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Roundtable Explores Ways To Tackle Student Hunger

Author: Institutional Advancement: Harriet Box 021 959 2625

Far too many students go hungry every day. To address this issue, the Socio-Economic Rights Project at UWC’s Dullah Omar Institute hosted a roundtable on 5 October 2017 on access to food for students in tertiary institutions in South Africa.

Curbing Student Hunger Challenges: Roundtable Talk At UWC

Far too many students go hungry every day.

To address this issue, the Socio-Economic Rights Project (SERP) at the University of the Western Cape’s (UWC) Dullah Omar Institute hosted a roundtable on access to food for students in tertiary institutions in South Africa on 5 October 2017.

The roundtable was an exploratory meeting which sought to probe the issues and also served as a platform for gaining buy-in of proposed partners in preparation for advocacy for policy review under the auspices of the access to food for students’ project.


SERP researcher Funmilola Adeniyi said the day’s engagement arose out of - and indicated - a real need for coordination at a national level among the various stakeholders. 

“There is also a need to put accountability measures firmly at the doorstep of one or more of the stakeholders - responsibility should rest with government, private sector and university administration. We need a joint coordination effort,” she said.

SERP promotes the realization of socio-economic rights in South Africa and the African region - the kind of key social justice matters outlined in South Africa’s the South African Constitution of 1996. 

Adeniyi noted that this is one of the few constitutions that explicitly recognizes the right to adequate food of all citizens. Yet the realization of this right for many people - and especially disadvantaged students in tertiary institutions - remains a challenge.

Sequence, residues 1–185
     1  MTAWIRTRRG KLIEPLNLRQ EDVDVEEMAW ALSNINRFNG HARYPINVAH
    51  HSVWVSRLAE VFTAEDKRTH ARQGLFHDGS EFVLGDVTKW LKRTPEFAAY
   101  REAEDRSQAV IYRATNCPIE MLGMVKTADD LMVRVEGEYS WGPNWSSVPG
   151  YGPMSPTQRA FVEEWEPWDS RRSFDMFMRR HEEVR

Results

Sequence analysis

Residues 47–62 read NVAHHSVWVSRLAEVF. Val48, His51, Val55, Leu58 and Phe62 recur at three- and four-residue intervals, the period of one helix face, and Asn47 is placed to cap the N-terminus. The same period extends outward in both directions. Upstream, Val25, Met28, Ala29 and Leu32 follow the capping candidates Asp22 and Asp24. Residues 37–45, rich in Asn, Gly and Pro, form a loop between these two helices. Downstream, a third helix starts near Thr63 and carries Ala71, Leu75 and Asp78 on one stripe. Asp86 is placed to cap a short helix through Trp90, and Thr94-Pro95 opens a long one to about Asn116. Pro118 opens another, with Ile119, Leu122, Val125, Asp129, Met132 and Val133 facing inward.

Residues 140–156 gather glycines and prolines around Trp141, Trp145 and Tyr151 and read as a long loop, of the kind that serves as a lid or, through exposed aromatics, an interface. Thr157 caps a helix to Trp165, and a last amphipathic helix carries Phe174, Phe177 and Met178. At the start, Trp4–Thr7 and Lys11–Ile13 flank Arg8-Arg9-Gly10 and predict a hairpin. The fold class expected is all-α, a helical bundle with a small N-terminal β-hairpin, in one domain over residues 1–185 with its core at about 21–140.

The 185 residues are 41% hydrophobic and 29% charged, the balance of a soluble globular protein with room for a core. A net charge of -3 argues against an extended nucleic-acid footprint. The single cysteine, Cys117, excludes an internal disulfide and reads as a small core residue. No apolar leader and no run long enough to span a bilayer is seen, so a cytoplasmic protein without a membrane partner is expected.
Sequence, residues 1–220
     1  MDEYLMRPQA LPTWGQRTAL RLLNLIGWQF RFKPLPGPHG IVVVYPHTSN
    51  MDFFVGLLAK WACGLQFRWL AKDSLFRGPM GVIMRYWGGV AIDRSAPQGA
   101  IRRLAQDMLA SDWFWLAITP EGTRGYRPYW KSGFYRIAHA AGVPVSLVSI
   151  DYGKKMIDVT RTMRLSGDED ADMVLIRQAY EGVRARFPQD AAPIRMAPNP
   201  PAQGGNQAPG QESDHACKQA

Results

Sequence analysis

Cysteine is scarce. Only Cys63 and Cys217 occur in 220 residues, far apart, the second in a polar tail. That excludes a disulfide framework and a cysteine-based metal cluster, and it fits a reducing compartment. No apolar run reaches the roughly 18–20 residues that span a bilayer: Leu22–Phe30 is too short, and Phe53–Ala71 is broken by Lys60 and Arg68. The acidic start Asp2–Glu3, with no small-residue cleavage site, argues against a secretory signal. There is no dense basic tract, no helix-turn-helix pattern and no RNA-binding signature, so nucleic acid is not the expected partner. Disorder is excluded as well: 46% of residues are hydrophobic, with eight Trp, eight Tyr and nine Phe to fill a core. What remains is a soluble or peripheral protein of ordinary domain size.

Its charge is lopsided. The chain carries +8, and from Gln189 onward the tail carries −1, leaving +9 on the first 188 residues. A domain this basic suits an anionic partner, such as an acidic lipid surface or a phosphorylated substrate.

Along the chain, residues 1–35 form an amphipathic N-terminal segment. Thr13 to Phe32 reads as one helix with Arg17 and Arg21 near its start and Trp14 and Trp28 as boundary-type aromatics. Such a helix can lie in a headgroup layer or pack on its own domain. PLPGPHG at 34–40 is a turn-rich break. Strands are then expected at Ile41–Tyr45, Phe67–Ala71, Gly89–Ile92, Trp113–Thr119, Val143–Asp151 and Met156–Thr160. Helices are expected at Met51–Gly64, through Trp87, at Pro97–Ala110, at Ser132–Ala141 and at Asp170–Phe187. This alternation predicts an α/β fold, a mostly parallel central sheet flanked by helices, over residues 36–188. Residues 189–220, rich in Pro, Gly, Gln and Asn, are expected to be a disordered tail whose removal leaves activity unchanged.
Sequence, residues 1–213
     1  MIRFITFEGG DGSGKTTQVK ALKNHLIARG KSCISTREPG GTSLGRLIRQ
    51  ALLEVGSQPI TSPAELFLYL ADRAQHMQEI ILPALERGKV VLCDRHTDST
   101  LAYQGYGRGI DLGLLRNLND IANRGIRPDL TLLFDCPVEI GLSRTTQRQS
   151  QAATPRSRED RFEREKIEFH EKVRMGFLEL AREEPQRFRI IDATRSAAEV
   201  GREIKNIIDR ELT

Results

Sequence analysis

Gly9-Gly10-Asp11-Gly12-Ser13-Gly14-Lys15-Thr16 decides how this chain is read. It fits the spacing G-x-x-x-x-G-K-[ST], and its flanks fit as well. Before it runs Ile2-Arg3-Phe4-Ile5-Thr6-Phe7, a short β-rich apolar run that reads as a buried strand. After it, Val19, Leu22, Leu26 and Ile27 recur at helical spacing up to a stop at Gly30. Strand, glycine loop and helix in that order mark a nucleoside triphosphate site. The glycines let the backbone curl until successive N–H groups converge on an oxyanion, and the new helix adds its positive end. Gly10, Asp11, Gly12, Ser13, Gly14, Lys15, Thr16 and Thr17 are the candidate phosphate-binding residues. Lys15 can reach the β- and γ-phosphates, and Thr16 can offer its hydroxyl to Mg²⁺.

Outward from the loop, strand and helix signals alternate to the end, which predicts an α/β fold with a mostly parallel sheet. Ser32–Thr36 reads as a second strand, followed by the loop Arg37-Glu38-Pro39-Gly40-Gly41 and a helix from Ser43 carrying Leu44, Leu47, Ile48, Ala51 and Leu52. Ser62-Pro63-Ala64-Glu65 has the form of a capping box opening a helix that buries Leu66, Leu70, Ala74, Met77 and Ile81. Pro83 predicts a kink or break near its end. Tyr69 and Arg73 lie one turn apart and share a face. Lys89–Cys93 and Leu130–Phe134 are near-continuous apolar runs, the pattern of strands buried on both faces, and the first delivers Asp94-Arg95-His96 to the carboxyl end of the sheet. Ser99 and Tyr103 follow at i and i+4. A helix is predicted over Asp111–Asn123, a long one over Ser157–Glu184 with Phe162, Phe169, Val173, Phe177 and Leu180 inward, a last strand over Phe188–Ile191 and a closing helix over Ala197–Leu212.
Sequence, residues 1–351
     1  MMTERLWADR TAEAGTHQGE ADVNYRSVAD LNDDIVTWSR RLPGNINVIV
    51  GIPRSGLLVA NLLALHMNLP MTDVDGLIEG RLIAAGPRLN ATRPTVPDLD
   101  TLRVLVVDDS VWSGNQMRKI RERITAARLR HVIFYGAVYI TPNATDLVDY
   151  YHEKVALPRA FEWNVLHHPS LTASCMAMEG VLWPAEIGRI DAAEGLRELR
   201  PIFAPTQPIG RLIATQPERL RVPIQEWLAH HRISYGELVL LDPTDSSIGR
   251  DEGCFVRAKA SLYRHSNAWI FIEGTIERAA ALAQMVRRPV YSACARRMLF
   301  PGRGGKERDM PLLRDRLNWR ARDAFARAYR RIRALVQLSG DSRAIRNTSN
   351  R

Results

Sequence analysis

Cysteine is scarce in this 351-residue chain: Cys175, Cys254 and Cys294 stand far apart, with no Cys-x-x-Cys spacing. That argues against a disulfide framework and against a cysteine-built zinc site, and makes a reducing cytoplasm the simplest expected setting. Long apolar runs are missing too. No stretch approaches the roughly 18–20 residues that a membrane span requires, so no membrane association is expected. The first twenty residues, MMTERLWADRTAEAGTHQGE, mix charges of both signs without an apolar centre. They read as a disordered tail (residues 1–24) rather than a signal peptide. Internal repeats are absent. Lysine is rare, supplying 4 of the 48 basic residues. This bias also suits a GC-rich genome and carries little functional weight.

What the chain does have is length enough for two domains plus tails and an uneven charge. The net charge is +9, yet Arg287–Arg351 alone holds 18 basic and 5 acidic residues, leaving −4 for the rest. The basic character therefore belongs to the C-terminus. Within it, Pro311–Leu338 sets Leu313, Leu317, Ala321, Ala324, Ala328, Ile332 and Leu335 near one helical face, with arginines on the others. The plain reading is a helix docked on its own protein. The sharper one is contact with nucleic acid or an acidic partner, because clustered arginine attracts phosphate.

“Questions arise on the role food insecurity plays with regard to South Africa’s incredibly high failure and dropout rates among University students - and the impact this has on other rights, such as the right to education and the right to health,” she noted.

Against this backdrop, SERP has commissioned a project known as Access to Food for Students in South African Tertiary Institutions (or the Access to Food for Students Project).

“Although there have been several attempts to organize different initiatives to address this challenge, what is missing is an accountability mechanism, which fosters a sense of coordination, extending the schemes to every student that is food insecure on all campuses in the country,” Adeniyi explained. 

The Project seeks to address (among other things): the obligations to realize the right to food of students in tertiary institutions; the role of different stakeholders in realizing the right to food of students in tertiary institutions; and the best approach to addressing food insecurity among students of tertiary institutions in South Africa.


Lawyers, economists, public health practitioners, policy makers, food security experts, private sector representatives, government department representatives, non-governmental organisations, chapter nine institutions, researchers, academics and student representatives attended the roundtable, together outlining issues to be addressed from a first-hand perspective, as well as possible solutions going forward.

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